Inspiring Older Readers
Tony Harrison and Tom Paulin at Woodstock Poetry Festival
Sunday 15th November - another unseasonably mild November evening - and we've just arrived in Woodstock, Oxfordshire for the last events of this year's poetry festival. The venue for Tony Harrison's reading looks oddly dead, lights on but no people and a Town Hall caretaker who denies all knowledge of the reading. Great. Having spied a trail of people who look like poetry types we just have time to find the unposted alternative venue - the town's church. Inside its pretty packed and, we're told, the venue had to be changed because the crowd is so big. That's good news - but a bit of signage might have been a nice idea....?
Our mild irritation soon evaporates however when Tony Harrison steps up to the pulpit and begins his reading. No chat, no interview, just a choice by Tony of poems he wants to read. He's a small man and he's an old man now, 78, but all of that is insignificant when he plunges into his poetry which allows his undiminished personality to come through. He reads from the cycle of poems about the death of his mother and father, he reads reflective poems about his childhood and he reads his war poems - all in that fabulously textured Leeds working class accent.
Harrison is one of those poets who can make you laugh, make you sad and make you angry at almost the same moment. He's now a small man but he has a huge sense of humanity and he is confident in his values. His politics drive the work - he didn't read from my favourite poem 'V' but his progressive beliefs are clear. He is also an atheist and the irony of him declaring this commitment from the lavish church pulpit was delicious.
There were plenty of people who wanted a book signed at the end and I inevitably get stuck behind a couple who are braying at each other like a pair of middle class donkeys but Harrison is gracious to everyone and does not begrudge his time, dedicating his signings unstintingly.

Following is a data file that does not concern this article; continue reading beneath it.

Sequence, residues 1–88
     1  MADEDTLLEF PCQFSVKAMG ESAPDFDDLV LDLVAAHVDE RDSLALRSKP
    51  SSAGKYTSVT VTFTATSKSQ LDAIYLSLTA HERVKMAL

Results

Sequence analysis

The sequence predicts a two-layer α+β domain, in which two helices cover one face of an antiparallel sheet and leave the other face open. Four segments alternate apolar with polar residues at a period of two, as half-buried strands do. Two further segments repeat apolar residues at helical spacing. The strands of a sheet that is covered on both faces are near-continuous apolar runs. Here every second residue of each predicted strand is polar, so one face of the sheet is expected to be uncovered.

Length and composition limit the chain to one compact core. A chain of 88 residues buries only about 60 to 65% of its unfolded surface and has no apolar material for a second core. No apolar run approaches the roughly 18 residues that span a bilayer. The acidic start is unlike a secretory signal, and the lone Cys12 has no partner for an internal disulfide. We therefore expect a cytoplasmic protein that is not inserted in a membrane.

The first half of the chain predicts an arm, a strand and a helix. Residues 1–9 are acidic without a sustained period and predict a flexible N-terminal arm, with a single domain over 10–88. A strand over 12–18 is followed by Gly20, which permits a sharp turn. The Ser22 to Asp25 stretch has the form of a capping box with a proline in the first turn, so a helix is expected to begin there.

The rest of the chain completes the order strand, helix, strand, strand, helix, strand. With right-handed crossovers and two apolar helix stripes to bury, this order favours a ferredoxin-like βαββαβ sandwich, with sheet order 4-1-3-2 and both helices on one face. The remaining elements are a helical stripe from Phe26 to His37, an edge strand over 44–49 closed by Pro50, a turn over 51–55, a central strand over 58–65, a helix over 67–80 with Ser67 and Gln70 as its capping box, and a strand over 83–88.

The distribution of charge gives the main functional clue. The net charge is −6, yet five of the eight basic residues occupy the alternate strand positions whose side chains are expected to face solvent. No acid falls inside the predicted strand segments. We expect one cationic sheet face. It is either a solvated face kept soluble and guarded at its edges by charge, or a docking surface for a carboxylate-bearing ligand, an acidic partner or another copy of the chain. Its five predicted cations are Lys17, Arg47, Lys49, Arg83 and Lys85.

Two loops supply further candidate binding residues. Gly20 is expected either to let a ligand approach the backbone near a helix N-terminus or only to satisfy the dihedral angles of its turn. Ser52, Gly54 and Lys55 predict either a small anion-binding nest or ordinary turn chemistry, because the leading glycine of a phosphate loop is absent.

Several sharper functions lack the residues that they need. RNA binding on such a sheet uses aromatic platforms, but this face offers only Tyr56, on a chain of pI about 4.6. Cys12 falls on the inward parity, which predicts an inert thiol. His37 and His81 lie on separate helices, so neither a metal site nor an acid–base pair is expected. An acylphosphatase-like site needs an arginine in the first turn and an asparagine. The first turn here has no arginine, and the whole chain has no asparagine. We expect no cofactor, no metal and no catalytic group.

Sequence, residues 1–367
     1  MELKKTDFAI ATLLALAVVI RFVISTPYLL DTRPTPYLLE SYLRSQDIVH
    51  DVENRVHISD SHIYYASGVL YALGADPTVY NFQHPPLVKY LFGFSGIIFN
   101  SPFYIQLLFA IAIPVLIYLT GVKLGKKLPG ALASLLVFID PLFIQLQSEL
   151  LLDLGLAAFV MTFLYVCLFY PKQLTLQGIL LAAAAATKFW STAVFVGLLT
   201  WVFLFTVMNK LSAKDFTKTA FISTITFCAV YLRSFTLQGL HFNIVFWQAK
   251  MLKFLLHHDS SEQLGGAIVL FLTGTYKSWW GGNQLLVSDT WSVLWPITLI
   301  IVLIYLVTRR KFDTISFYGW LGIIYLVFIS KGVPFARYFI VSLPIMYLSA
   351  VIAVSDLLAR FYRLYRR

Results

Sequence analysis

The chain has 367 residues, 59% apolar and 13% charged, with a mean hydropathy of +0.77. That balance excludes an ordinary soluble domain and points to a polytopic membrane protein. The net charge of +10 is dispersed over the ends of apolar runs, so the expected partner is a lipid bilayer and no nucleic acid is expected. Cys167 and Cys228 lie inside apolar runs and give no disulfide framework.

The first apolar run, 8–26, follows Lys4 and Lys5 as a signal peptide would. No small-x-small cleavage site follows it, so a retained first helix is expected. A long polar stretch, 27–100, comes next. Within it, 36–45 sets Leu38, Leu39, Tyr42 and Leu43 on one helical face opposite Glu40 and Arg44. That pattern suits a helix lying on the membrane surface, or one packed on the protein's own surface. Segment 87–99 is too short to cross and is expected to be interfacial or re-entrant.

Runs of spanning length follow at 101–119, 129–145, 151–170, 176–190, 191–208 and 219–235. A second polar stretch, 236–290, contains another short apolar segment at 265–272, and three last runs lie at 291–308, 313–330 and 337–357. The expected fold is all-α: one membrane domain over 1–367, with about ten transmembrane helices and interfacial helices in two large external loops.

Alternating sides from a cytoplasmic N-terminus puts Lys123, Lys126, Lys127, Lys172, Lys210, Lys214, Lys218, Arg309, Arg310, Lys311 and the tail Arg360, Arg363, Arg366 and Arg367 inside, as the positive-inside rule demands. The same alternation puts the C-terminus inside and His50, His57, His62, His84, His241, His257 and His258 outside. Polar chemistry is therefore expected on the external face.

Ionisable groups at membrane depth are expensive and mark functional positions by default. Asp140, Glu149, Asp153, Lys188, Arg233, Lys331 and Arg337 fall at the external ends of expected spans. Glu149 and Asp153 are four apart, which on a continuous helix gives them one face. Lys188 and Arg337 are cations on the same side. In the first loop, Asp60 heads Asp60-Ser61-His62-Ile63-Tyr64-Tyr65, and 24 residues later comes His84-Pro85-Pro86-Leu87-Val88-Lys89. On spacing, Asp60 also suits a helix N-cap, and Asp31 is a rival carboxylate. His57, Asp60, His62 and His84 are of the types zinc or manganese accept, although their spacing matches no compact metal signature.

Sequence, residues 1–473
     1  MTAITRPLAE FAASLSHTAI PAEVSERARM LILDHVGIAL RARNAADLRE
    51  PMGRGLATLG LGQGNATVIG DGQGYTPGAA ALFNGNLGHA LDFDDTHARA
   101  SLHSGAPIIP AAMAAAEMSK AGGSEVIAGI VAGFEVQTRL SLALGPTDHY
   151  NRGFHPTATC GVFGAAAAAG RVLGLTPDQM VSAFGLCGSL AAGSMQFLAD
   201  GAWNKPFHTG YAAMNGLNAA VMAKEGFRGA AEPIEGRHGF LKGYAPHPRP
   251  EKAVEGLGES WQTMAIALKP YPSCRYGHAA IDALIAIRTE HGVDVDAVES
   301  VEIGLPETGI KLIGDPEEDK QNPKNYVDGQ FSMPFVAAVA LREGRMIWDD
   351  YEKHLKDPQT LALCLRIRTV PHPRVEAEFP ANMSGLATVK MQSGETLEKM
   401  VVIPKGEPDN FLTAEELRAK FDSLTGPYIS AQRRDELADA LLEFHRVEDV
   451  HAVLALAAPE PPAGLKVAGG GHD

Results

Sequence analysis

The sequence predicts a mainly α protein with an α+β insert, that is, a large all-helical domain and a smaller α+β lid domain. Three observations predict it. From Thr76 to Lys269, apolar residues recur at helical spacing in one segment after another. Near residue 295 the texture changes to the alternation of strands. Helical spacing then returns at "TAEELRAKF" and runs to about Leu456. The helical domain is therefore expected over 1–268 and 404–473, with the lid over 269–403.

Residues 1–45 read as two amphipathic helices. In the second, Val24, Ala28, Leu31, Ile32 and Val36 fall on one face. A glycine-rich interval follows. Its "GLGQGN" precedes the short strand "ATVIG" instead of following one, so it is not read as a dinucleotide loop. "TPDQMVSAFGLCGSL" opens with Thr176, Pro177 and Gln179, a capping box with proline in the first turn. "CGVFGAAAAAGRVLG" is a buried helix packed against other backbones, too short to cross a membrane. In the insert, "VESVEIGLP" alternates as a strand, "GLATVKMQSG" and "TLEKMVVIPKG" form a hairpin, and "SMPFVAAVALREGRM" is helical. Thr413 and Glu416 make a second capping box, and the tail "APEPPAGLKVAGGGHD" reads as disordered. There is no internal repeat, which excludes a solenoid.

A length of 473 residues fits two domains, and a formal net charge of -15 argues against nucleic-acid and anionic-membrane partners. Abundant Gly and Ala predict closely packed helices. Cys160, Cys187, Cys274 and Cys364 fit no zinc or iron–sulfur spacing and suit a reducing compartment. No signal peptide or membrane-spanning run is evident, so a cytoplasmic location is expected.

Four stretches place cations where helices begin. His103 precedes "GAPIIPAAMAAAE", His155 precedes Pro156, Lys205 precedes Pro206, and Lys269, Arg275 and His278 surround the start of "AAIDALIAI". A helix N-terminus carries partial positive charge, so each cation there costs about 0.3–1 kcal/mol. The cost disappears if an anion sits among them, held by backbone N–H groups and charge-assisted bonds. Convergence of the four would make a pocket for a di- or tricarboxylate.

A great poet and I'm delighted we got to see him.
Then it's on to the Woodstock Social Club for an evening of poetry and Irish folk music. Tom Paulin and Bernard O'Donoghue are the poets and Mick Henry and Nick Hooper will be the musicians. We track down the social club and find one of those odd crossover places - half snooker club and half pub. Not my natural environment and so I'm feeling uneasy. I didn't need to though because if you go past the bar you'll find a really great events room - a nice venue for small gatherings and for folk musicians - a modest stage and professional sound and lighting. The seats give plenty of leg room and the bar isn't so packed that its disruptive. All good.
However, there's a bit of a disappointment on the way - Bernard O'Donoghue is unwell and wont be there. He's not critically ill but not well enough to read - so Tom Paulin will read his stuff too. The three of them do their contributions in strict rotation over two short sets and everyone has a pretty good time and they build the banter between them. I've always liked Tom Paulin since I first saw him as the uncompromising critic on a BBC Arts Review programme back in the 80s (or was it the 90s?). He has a rich Northern Irish accent - less metalic than some - and a sly understated wit that makes him sound both friendly and frank at one and the same time. He reads his own material best - inevitably I suppose - but he has an instict for the populist move too and reads some selected poems from Yeats - Sailing to Byzantium and The Wild Swans At Coole - go down a storm.
We drive home at the end of the night - 90 minutes in a fine drizzle - but with no thoughts for anyhting other than what a good time we've had.